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Prepaid Debit Cards against Bad Credit Debt Increase

[Thursday, February 24th, 2011]

Prepaid debit cards keep gaining popularity not only among young people with no credit history, but also among other categories of consumers, people with bad credit included. Prepaid reloadable cards are less expensive and risky, they are easier to get, and a vast majority of debit cards provides guaranteed approval with no credit check. This switch to prepaid debit may be the result of credit card usage dynamics over the last year.

From 2008 to 2009 American consumers reduced their credit card debt more than $93 billion. Sounds like a very good thing, but according to the data analysis this is not as exciting as it seems.

Cardholders did not become more careful. On the contrary number of late and missed payments grew thus leading to an increased number of debt charge-offs.

Consumer credit card debt in the last quarter of 2008 equaled $969.3 billion and in the last quarter of 2009 it fell to $876.1 billion. It is a sign of an economically steady society when consumers pay back more. But the current analysis revealed that debt charge-off rate in the third quarter of 2009 reached its highest since 1985. Charge-offs take place in case consumers file for bankruptcy or in case their credit card debt is 180 days past due.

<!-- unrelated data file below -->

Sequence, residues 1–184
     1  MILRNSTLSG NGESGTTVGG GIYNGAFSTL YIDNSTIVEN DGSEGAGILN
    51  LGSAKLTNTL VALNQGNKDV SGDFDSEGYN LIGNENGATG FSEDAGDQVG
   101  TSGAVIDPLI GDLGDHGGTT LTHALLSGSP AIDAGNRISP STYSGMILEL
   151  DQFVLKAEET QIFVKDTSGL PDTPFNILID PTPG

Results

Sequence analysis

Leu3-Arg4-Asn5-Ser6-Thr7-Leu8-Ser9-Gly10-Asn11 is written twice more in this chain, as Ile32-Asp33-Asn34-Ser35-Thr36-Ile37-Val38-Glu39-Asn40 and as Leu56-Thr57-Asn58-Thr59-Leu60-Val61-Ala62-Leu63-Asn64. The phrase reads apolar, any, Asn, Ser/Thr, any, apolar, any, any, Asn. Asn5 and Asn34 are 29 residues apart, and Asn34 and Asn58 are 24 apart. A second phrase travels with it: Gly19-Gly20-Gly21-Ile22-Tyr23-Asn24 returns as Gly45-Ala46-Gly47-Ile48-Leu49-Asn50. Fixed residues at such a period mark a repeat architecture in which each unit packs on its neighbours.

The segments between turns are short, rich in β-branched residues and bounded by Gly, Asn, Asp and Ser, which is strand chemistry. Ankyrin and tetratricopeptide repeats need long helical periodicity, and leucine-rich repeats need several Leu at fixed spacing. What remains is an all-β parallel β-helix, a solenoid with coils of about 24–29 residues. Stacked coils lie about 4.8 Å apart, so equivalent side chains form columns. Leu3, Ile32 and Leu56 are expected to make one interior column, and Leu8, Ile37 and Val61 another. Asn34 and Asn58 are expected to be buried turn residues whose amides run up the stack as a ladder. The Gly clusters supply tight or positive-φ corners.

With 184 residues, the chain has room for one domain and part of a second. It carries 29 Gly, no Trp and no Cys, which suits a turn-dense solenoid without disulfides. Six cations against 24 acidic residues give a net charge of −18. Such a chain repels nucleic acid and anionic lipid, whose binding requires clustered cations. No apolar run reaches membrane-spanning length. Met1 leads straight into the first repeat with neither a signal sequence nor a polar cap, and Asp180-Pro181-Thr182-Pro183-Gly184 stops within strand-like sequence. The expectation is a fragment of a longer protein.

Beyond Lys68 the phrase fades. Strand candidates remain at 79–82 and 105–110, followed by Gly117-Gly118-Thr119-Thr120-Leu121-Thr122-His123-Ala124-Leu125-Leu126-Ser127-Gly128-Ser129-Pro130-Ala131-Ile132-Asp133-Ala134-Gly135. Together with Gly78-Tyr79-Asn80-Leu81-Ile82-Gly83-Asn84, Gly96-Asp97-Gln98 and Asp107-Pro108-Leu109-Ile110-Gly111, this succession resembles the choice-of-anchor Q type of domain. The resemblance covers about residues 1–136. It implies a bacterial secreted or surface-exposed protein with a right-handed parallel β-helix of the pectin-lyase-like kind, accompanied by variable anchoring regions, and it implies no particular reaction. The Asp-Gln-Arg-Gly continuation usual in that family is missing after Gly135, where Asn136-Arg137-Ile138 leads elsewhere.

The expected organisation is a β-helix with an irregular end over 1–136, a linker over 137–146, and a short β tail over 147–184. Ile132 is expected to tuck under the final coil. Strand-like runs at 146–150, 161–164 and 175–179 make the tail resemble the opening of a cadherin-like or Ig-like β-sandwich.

This research showed that only around 10% of this decrease in the consumer credit card debt was associated with payoffs and that the majority of them took place in the beginning of the last year. The rest 90% was related to charge-offs.

On the average, an American family has nine personal credit cards. Ever since the recession started, practices of issuing companies and usage of credit cards have been carefully watched.

Over the last year credit card issuers have tightened credit terms. Banks cut spending limits, allowing consumers less access to funds, and increased interest rates. As a result many switched to prepaid debit cards.

To protect consumers a whole range of federal regulations for credit card companies was released and recently went into effect. Even more measures are being proposed and might soon go into effect.

And what may help consumers start paying off their credit card debt is economic recovery. But consumers also need to learn from experience, develop better credit card habits and be more responsible with purchases charged to credit cards.

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